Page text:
Without a kayak, you are swimming. There are several kinds, but the sea and recreational kayaks are recommended for this area.
Sea/Touring - These kayaks are definitely an option for the central florida area. They are long and lean, and have plenty of storage space, which comes in handy if you plan to fish, camp or bring cameras. They are usually sit-ins, where the paddler is contained in the kayak from the waste down. They can be either single or double occupancy, and occasionally have rudders to help steer in open water (if you are kayaking in Gainesville and come across open water, you are in trouble). The advantages? They go a long way with each paddle (efficiency), they are very stable, they have ample storage and they look pretty darn nice slicing through the water. The downside? They are hard to maneuver and can be difficult to transport. If you are planning to use your 'yak in mangroves or canals, sea kayaks can be tricky. Want some specifics? Check out this example.
Recreational - Recreational kayaks have the reputation as a beginner's 'yak, and to an extent, it's well deserved. Recreationals are great for beginners. They are wide and stable, with either one or two seats. They are comfortable, often sit-ons, and are much easier to maneuver than a sea kayak. However, they are also good for more experienced kayakers. They are a good combination of speed and agility, like a star running back. They aren't for those who are looking to paddle for several miles through choppy seas, or for those looking to brave a raging river, but for the weekend adventurer, they are great. Like sea kayaks, they have lots of storage space, and they can be outfitted with fishing rod holders and in-kayak bait buckets. They are great on lakes, calm rivers, springs and in bayous on the coast. If you are looking to begin kayaking in the greater Gainesville area, you'd be hard pressed to find anything more versatile than a quality recreational kayak. Hobie makes some really nice recreational kayaks, and as with most of their 'yaks, they are fully customizable. Here's a good one.
Whitewater - These suckers are wide, short and ultra-stable. They are durable and can handle being pounded against rocks. They rarely flip, and when they do, they are easy to right. They are easy to transport and are unbelievably maneuverable. If your apartment floods, you could kayak from the bathroom to the kitchen without issue. They are usually made out of highly durable materials, capable of smashing up against rocks without cracking or shattering. Some whitewater kayaks are designed for tricks - but that's a discussion for a different website entirely. The downside? If you want to get around in anything but a fast moving river, you have to paddle your arms off. We don't recommend these for this part of the country, but try them for yourselves and get an idea. If you insist (and have money to spend), take a look at this one.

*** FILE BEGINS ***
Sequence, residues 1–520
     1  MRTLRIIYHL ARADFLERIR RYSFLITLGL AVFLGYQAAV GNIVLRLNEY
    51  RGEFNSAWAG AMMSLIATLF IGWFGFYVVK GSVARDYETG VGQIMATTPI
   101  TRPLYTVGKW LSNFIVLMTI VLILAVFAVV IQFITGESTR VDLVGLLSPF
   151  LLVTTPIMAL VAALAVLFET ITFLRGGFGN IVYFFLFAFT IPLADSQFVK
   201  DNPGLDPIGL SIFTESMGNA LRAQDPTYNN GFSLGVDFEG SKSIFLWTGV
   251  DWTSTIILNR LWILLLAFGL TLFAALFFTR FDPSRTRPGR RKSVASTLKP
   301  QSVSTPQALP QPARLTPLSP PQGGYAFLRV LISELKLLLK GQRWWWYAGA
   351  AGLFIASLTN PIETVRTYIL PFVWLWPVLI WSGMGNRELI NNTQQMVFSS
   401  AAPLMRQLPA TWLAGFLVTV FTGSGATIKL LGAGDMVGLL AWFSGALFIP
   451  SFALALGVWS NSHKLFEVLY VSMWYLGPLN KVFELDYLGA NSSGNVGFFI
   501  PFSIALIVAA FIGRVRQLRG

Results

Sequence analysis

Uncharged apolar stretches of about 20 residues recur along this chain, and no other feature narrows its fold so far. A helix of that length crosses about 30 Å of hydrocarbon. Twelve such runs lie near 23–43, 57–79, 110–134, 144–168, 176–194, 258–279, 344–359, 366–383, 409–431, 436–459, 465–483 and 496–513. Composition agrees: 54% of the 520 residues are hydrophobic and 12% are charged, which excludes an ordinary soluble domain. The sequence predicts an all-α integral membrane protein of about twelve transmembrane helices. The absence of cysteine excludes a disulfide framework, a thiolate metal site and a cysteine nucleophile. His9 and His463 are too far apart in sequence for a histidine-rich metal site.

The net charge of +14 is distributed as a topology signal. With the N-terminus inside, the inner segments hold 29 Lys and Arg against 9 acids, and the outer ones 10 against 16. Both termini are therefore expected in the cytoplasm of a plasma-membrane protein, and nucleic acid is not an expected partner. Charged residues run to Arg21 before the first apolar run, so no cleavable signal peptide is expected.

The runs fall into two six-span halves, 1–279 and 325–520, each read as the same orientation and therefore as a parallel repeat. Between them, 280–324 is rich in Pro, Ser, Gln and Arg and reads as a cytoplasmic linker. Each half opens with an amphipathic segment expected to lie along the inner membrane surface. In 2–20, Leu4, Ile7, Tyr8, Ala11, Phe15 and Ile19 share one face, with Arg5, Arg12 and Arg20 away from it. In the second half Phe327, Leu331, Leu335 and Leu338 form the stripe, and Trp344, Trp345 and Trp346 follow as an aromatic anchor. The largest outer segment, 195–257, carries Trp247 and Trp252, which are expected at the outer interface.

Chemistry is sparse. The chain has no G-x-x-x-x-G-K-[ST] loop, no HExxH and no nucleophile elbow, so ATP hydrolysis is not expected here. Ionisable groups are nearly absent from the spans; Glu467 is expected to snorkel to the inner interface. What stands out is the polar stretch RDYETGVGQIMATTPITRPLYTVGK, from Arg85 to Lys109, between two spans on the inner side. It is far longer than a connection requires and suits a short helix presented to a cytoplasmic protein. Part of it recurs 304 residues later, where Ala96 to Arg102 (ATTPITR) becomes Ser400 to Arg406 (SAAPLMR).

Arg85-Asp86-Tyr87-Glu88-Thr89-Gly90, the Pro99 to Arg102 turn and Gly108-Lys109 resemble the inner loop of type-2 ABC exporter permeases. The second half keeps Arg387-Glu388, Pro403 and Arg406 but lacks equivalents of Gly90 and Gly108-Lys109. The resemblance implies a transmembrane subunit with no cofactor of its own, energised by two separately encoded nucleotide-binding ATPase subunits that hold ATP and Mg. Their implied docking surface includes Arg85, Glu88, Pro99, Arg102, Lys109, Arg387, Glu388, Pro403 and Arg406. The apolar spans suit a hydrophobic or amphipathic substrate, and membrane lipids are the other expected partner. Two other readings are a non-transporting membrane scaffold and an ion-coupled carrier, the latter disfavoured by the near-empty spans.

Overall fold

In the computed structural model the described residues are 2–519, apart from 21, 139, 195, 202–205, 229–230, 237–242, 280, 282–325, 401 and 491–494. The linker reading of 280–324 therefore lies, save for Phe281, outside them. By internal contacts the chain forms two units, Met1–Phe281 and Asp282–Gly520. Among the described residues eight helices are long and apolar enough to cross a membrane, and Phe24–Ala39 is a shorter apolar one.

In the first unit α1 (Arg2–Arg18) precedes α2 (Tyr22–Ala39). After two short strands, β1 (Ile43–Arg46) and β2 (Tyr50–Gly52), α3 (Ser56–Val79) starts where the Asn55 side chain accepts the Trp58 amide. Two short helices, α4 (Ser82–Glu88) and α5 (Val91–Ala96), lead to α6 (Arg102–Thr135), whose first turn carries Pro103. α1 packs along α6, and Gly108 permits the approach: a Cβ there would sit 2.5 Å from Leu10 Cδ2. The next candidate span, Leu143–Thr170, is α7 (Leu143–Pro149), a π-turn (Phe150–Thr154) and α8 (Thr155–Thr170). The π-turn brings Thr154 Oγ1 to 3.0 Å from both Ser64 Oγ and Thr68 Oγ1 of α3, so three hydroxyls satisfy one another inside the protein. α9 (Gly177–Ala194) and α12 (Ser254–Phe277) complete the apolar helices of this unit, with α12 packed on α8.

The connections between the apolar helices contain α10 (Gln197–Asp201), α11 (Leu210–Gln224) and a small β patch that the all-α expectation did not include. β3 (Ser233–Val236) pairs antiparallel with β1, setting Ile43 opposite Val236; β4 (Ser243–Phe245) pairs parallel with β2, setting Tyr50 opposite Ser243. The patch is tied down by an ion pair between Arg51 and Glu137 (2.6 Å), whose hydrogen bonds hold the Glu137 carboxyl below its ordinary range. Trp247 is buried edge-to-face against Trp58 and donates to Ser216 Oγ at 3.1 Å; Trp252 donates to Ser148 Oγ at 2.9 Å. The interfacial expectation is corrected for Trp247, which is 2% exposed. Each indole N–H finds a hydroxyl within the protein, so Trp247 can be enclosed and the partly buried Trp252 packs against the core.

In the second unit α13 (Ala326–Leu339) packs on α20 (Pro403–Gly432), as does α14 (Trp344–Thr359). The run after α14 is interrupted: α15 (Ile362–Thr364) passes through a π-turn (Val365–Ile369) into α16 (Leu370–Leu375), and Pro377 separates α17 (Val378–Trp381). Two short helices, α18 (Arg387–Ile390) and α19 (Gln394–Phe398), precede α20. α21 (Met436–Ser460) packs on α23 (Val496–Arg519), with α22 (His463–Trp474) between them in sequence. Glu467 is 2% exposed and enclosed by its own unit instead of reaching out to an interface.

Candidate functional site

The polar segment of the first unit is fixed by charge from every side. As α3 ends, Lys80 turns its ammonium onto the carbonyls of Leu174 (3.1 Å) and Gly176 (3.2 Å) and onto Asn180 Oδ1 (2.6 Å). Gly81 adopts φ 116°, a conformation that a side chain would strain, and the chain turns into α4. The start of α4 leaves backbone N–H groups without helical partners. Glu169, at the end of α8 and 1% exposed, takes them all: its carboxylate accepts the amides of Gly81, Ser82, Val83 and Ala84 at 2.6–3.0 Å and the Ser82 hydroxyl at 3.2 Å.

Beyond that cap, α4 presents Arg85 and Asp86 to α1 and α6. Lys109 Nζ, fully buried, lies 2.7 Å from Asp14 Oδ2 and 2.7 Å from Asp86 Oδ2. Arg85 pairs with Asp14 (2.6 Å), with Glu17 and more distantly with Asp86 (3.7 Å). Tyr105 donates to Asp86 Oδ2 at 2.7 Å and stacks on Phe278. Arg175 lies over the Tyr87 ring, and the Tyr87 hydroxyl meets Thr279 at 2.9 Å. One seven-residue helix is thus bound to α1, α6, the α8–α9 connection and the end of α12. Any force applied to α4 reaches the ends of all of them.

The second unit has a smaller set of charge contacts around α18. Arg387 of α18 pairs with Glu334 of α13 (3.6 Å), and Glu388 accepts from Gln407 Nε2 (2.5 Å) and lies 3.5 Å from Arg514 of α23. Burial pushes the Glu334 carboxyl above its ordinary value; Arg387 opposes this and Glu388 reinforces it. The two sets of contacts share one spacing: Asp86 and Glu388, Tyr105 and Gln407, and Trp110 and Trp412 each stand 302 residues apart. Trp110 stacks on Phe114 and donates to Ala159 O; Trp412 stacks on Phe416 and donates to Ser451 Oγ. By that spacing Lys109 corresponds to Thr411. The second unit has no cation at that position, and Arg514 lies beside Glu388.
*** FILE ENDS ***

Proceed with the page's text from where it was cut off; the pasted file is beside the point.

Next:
Inflatables - This isn't really a style of kayak, but it's worth discussing for a moment. Inflatables are popular, especially in urban areas where people don't have lots of storage space. They can be uninflated and kept in a trunk or a closet. They inflate quickly, usually with the help of a foot pump (don't worry, you won't have to blow them up beach-ball style). All but the cheapest ones have multiple air compartments. They are usually on the smaller side, and paddle similar to most recreational kayaks. However, they have one major problem - they pop. If you poke a hole in your inflatable, you are going for a swim. This presents additional problems. If you have anything on board, it's going down with the ship. Also, this is Florida, and if you are in a lake or river, you aren't the only big carnivore trolling the waters. If you're up for the risk, consider this one.